Allard and Hillis clicked on surface and soulful levels. Hillis was friends with Allard's father and became the younger Allard's mentor when he transitioned his assets to LPL from National Planning Corp. in 2005. Each has offices in Silicon Valley -- Santa Clara and San Jose, respectively -- and both firms primarily serve mass-affluent clients. See: Silicon Valley $300-million RIA strikes back at $30-trillion BNY Mellon with act of counter-intimidation.
Neither has an RIA or any intention of getting one and both men consider themselves old-fashioned in the sense that they take on clients directly rather than shunt them off to a junior advisor.
"I like not taking on a more compliance-oriented world," Allard says. "I like having LPL as the big brother." Hillis echoes the sentiment, saying he aims to "spend 90% of his time with clients."
Allard's firm operates under a Sacramento-based OSJ called The Network that had $99 million of revenues from about 200 reps last year. It's through this OSJ, which he joined in 2015, that CalBay-Hillis uses Black Diamond.
99 and counting
The deal was struck in principle at an LPL top-producer event in Hawaii. Hillis says he read about a 99-year-old financial advisor in InvestmentNews and he plans to out-endure her. "I said [to Allard]: "I have no plans to retire. I plan to keep going."
The two advisors got in touch with LPL Financial to seek help. Since 2013, LPL has had a strategic business solutions team that has grown to 11 staff members dedicated to advisor mergers & acquisitions, succession planning and valuation consulting.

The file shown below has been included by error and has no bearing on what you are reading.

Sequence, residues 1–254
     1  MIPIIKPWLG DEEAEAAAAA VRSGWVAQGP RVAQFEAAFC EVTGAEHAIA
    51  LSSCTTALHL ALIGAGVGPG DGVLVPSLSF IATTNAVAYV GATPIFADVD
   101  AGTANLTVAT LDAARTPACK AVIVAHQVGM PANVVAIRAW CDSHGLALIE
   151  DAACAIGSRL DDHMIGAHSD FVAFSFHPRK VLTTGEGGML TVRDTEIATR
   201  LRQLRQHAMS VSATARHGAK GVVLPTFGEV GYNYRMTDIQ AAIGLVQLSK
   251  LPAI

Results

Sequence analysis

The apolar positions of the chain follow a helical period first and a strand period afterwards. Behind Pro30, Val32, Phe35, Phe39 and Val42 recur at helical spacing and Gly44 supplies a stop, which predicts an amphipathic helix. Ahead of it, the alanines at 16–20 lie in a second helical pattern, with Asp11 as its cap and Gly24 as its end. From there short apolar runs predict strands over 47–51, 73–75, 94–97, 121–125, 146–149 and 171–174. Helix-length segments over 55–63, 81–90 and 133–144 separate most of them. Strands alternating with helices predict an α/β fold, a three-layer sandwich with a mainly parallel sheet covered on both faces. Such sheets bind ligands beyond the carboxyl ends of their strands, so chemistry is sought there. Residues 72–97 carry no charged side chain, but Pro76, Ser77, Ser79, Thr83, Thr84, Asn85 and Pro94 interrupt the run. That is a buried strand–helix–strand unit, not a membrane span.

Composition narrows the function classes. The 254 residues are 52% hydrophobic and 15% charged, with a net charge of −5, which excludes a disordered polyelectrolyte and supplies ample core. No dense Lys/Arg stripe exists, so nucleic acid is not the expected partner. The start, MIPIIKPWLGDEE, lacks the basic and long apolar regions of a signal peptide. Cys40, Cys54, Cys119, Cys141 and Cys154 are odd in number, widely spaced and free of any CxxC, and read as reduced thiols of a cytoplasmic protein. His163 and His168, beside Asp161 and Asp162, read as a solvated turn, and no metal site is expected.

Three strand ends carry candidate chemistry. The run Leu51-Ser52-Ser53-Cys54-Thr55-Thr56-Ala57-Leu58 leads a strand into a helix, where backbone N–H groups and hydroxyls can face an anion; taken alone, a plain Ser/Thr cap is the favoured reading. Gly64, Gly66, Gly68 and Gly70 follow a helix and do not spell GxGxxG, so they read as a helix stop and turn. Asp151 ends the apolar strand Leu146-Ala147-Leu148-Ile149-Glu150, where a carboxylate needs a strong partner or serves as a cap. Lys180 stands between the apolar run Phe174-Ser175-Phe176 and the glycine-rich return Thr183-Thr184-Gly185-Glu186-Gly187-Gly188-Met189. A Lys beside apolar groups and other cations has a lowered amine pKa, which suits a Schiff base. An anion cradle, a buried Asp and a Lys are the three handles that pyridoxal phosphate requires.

Holly concedes that his LPL M&A staff mostly fields walk-on deals for now but not necessarily going forward.
"Historically reactive, but shifting more and more to proactive as we perform more matchmaking and as we expand our valuation consulting capabilities to work with advisors to understand the value of their business and the ways they and can grow and ultimately unlock that value," he writes in an email. "We also leverage our balance sheet to provide capital to help facilitate the transactions."
The focus of the tactical unit has a strategic purpose.
"The ultimate outcomes we strive for are to retain and grow existing assets and attract new assets to the firm," says Holly.
Allard and Hillis are high on LPL these days -- more so than they've been for several years. "We've been on the same page, which I haven't seen in a long time," Allard says. "It had just been lip service." Both Hillis and Allard say they expect to be lifers at LPL.
The difference, both add, has been in the level of responsiveness since Dan Arnold took over the CEO spot. "Dan's getting back to basics," Allard adds. See: New LPL CEO Dan Arnold thrills Wall Street in debut by laying out vanilla vision
For now, the partners are acting autonomously for the most part, with Allard keeping his clients and Hillis keeping his. New clients coming aboard become shared customers of the firm.
Hillis founded his firm, which includes three additional advisors and two office support staff, in 2001.
Allard has been a planner since 1990 and says that as an insurance salesman he didn't feel comfortable about his lack of a continuity for his practice -- but not so his family can cash out in the event of his death. See: How a solo RIA sold his 20-year DFA-based practice to an IBD rep
"Probably my family is the last thing I'm worried about because I own so much life insurance," he said wryly.